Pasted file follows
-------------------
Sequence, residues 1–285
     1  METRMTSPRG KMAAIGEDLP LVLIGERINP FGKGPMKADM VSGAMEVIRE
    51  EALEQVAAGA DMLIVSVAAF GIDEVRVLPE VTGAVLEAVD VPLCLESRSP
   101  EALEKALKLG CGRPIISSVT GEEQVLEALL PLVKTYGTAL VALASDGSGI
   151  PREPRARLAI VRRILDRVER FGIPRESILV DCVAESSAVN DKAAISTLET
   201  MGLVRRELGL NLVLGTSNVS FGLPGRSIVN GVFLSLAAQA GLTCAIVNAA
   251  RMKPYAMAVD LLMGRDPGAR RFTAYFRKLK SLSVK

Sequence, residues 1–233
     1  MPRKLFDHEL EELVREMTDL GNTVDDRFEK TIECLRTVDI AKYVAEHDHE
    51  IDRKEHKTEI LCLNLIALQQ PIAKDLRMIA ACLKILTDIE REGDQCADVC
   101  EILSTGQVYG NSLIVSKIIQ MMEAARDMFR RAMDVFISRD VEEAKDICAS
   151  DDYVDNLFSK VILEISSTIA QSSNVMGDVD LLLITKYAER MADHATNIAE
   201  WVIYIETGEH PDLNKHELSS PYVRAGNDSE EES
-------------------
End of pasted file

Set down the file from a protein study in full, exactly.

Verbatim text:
Sequence, residues 1–285
     1  METRMTSPRG KMAAIGEDLP LVLIGERINP FGKGPMKADM VSGAMEVIRE
    51  EALEQVAAGA DMLIVSVAAF GIDEVRVLPE VTGAVLEAVD VPLCLESRSP
   101  EALEKALKLG CGRPIISSVT GEEQVLEALL PLVKTYGTAL VALASDGSGI
   151  PREPRARLAI VRRILDRVER FGIPRESILV DCVAESSAVN DKAAISTLET
   201  MGLVRRELGL NLVLGTSNVS FGLPGRSIVN GVFLSLAAQA GLTCAIVNAA
   251  RMKPYAMAVD LLMGRDPGAR RFTAYFRKLK SLSVK

Sequence, residues 1–233
     1  MPRKLFDHEL EELVREMTDL GNTVDDRFEK TIECLRTVDI AKYVAEHDHE
    51  IDRKEHKTEI LCLNLIALQQ PIAKDLRMIA ACLKILTDIE REGDQCADVC
   101  EILSTGQVYG NSLIVSKIIQ MMEAARDMFR RAMDVFISRD VEEAKDICAS
   151  DDYVDNLFSK VILEISSTIA QSSNVMGDVD LLLITKYAER MADHATNIAE
   201  WVIYIETGEH PDLNKHELSS PYVRAGNDSE EES